If you are interested in learning more about Autism, specifically, I have provided a link to an interesting Psychology Today article, here.

“We think your son has autism,” they said.
“No, not MY son,” was my immediate response.

Rip my heart out,
throw it in a blender,
dry the mash in the hot desert sun,
scatter the remains.

Innocence stripped in an instant,
As what I imagined his life would be changed just as quickly.
Mourning begins quickly after the denial fades and the signs light up in Neon.

“The evidence is strong” they say.
Perhaps this is true.
Tears, hot and fast, flow like lava down the mountains of my swollen cheeks.

The guilt is next to arrive, crashing like a wave upon the delicate shore of my psyche.
Where did I go wrong?
Was it the fever he had? Maybe if I had given him Tylenol sooner…
Was it the allergic reaction to something at the sitter’s? Maybe if I had not worked that day…
Was it letting him watch too much TV with his sister? Maybe if I had played more and cleaned/cooked/worked less…

Yet the evidence to the contrary is just as strong.
“I love you, mama,” he often says at the drop of a hat.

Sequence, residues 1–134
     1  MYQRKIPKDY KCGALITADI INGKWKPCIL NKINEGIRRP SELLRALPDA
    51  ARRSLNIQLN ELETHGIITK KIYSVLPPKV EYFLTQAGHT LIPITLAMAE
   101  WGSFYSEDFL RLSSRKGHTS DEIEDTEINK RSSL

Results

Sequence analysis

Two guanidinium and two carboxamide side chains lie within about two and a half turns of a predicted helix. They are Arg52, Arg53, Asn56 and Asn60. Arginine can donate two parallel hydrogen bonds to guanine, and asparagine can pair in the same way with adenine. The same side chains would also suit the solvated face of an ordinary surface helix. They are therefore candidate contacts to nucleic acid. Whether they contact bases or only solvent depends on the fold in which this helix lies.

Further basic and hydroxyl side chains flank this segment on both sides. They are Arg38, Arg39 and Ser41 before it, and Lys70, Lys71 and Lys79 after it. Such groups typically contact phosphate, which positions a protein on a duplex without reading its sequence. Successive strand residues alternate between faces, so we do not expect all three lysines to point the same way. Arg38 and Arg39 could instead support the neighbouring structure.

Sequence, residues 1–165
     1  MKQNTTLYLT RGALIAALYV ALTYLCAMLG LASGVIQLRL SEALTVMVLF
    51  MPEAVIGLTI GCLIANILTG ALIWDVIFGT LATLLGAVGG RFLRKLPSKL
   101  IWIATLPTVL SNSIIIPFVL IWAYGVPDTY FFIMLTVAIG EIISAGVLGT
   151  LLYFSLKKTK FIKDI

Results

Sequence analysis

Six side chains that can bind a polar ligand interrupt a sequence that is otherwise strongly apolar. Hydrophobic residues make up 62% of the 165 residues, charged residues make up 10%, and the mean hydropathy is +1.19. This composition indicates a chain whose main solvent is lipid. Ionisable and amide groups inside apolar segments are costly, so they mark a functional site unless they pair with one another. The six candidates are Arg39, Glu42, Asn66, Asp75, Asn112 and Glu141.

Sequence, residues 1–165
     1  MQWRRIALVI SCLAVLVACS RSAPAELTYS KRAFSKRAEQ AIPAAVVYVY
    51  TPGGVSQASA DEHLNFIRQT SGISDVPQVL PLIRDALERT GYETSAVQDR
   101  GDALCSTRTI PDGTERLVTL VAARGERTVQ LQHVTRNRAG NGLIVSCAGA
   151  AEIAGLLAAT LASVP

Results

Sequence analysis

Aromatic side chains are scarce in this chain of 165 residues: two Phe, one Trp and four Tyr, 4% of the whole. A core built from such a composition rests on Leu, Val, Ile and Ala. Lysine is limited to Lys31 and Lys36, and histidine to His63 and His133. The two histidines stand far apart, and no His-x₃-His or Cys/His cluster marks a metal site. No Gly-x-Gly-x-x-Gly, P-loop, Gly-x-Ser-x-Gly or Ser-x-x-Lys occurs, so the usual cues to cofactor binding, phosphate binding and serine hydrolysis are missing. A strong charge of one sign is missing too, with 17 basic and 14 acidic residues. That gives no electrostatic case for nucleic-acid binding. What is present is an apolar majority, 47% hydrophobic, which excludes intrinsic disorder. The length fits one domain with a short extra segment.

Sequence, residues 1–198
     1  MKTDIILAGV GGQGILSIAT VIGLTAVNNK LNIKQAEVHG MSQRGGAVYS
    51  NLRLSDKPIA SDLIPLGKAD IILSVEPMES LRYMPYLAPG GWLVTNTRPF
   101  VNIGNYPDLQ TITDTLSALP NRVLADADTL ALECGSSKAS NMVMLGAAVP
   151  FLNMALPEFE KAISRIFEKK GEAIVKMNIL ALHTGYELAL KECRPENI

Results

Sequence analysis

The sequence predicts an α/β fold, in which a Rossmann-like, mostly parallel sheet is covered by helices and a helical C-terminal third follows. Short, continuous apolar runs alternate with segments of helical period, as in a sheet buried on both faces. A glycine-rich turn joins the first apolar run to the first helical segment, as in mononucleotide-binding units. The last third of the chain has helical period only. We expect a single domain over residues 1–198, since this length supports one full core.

Showered with “big, big hugs and big, big kisses,” I ponder, how can this be?
Time to do something different? Change of clothes? Change of venue? Change of anything: he instantly digs his heels in.
The quirks may be more than just quirks…

So if this is true,
then put me on the spectrum, too.
The signs that they identify in him,
I can just as easily see in myself:
Socks in a twist cannot be dismissed.
Task to finish: no time for anything else, even play.
Public speaking, “a performance” is easier than personal heart-to-heart conversations.
(While written communication is easier still than anything that requires speaking.)
Transitions are tough: really, who likes change?
Preference for 1 or 2 close friends vs trying to be friends with everyone.
Yep, that is me, too.

The denial rises up again,
cresting like a wave.
I’d much rather bear the burden of his potential diagnosis than for him to have to.
With so many signs lighting up like Neon upon review,
No, not my son, but maybe his mother.


My Amazing Daughter


She knows who she is at an age where I struggled with what to wear to school. (I was often joked for my choices).

She wears what she wants to wear, and does so with pride, at an age when I struggled with my voice. (I was afraid to speak).

She says what she feels at an age when I struggled with standing up for myself. (I often just sat down).

She stands up for herself and her friends at an age when I struggled with math and had a tutor. (Math was a “four-letter word”).

She does her math homework like a champ at an age when I felt scared of my own shadow. (That took over 30 years to shed).

She stands up to her fears at an age when I struggled with wanting to be anyone but me. (That, too, took over 30 years to begin to shed).

My amazing daughter at 8 is herself, fearlessly. Her mother, at 40, is learning to just be. Oh the things she is teaching me!


Image: My amazing daughter at 4.